Disaster Recovery Funds and Faith Based Initiatives: A Multiple Streams Theory Case Study of the Federal Funding Accountability and Transparency Act of 2006
Fussell, Natalie Kathleen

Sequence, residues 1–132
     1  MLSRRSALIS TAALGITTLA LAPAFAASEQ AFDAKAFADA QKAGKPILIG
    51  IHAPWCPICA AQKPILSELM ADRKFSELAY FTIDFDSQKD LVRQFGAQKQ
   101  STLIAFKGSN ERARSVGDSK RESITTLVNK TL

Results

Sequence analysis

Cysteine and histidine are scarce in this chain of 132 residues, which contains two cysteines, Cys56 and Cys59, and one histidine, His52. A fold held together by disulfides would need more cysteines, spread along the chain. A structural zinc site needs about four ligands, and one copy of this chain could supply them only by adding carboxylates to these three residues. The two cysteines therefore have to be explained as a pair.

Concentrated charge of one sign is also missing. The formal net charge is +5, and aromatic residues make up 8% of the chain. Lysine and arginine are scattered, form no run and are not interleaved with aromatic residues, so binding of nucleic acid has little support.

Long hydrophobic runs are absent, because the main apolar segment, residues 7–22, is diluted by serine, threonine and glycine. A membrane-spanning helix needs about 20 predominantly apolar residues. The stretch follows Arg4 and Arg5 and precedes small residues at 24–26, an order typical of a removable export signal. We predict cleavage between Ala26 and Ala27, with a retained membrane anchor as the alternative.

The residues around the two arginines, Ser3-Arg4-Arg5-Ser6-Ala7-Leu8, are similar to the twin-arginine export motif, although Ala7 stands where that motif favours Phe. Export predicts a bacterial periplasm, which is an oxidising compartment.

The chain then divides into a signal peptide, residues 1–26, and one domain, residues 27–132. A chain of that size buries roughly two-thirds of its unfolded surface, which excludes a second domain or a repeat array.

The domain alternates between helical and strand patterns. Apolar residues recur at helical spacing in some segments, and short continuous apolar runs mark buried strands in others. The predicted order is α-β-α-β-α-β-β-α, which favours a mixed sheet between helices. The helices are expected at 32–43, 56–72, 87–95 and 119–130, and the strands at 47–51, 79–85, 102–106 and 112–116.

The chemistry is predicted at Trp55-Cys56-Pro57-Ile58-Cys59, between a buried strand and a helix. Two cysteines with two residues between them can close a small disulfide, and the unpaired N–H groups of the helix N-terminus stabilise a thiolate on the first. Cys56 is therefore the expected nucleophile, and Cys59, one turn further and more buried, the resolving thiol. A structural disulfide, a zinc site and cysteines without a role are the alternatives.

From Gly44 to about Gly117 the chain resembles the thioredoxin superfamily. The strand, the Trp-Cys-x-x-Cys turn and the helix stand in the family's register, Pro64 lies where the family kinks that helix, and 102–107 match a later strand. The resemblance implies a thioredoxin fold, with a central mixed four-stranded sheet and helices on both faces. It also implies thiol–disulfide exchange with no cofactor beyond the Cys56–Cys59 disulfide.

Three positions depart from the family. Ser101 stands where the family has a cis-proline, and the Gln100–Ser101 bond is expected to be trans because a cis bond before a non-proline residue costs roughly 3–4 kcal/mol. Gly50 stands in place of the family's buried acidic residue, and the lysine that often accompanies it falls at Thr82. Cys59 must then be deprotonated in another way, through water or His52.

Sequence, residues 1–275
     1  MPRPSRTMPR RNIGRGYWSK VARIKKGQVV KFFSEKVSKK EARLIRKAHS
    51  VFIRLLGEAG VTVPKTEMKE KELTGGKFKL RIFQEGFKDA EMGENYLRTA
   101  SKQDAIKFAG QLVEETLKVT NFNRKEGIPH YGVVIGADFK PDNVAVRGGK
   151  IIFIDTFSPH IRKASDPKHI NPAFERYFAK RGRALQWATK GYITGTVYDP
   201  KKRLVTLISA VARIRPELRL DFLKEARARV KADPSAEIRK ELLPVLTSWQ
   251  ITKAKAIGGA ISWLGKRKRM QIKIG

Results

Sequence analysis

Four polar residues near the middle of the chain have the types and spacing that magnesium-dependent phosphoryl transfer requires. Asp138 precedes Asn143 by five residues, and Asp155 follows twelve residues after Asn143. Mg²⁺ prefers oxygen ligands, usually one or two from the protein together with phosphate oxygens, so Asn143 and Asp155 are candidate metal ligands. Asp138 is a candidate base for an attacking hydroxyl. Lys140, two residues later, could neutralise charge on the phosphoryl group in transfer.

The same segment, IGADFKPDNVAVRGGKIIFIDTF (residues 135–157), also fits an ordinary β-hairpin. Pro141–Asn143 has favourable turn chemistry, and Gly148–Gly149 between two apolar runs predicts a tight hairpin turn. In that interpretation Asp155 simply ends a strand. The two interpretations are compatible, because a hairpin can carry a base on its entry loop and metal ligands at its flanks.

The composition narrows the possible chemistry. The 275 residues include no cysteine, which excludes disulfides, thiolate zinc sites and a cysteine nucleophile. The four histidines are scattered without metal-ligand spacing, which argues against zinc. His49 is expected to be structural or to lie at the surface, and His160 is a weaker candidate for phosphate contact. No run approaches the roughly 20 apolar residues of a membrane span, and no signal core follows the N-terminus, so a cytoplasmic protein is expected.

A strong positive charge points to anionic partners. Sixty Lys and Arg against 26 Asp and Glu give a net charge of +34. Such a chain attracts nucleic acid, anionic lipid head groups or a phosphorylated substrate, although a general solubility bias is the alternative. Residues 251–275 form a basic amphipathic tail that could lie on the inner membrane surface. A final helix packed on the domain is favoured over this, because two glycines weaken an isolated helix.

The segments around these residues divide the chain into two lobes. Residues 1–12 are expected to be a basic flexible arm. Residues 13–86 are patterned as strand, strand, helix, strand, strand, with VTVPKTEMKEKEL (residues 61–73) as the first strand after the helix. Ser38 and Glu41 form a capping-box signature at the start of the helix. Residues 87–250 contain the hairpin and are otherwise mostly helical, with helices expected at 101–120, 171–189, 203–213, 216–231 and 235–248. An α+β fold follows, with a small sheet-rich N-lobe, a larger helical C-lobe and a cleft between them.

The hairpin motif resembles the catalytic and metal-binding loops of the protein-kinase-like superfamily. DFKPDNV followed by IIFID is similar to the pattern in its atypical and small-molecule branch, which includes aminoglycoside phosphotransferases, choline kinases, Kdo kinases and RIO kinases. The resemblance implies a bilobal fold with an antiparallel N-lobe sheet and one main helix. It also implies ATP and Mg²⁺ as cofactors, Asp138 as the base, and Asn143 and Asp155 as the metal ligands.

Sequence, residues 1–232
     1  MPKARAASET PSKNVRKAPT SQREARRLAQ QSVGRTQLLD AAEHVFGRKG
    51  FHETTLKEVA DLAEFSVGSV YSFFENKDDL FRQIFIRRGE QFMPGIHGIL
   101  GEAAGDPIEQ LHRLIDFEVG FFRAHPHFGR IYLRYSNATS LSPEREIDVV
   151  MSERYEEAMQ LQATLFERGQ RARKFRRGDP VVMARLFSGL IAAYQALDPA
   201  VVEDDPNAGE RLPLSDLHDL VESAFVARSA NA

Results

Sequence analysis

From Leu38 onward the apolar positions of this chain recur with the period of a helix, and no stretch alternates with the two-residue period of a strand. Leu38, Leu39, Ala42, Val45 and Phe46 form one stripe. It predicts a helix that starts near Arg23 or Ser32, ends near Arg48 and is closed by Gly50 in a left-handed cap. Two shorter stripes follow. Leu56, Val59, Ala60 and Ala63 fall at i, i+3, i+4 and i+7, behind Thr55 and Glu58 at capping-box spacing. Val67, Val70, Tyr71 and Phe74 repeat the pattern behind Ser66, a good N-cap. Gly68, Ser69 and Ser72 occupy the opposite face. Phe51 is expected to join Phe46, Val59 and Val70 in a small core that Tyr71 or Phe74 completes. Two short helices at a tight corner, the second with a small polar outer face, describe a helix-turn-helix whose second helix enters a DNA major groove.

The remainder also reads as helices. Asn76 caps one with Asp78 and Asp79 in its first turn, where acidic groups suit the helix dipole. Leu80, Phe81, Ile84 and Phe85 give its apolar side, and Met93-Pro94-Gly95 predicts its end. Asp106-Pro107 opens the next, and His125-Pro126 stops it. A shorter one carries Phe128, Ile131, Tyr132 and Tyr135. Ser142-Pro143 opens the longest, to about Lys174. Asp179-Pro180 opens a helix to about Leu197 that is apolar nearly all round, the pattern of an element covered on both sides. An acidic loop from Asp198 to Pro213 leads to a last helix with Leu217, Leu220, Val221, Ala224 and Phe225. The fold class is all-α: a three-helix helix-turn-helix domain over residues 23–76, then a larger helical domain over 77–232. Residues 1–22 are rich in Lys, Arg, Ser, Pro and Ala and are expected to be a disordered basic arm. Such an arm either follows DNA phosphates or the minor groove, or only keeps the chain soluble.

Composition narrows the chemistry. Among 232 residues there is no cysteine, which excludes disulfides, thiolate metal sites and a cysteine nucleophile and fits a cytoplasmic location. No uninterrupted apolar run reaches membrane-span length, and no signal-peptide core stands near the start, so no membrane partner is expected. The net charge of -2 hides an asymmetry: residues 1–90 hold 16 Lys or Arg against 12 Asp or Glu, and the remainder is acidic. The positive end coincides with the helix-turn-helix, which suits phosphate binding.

This dissertation explores the passage of the Federal Funding Accountability and Transparency Act of 2006 (FFATA) through John Kingdon’s (2003) Multiple Streams Theory. A policy analysis of the FFATA was conducted adapting Bardach’s Eightfold Path to Effective Problem Solving (2005) to explore the effectiveness of the FFATA. The dissertation focused on the attempt of the FFATA to account for the acceptable disbursement and use of disaster recovery payments and the ability of faith based initiatives to provide relief without compromising the separation of church and state principle through a coupling event. Additionally, this research sought to determine if faith based initiatives created a greater risk in awarding Stafford Act’s Public Assistance Grant Funds in the Gulf Coast after Hurricane Katrina. The study found the FFATA is not successfully meeting its goals and objectives in disaster recovery situations as it relates to Public Assistance Grants after Katrina because it fails to trace federal funding to the actual recipient of the grant. To determine if faith based initiatives created a greater risk in awarding Public Assistance Grant Funds after Katrina, 75 reports published by Office of Inspector General on Hurricane Katrina were reviewed to determine which types of compliance issues auditors have found with entities receiving federal funding under this grant program. Ordinary Least Squares (OLS) regression analysis and document analysis was performed on the collected data. Data showed that public entities have a higher percentage of questioned costs in comparison to faith based organizations. Content analysis revealed that 100 percent of public entities still spent the money on some other public purpose, but not necessarily a disaster-related purpose as required by federal rules specific to the PA Grant Program. Faith based organizations were more likely to have a violation of federal rules where the money ultimately was not traceable, indicating a greater risk of faith based organizations to violate the separation of church and state principle.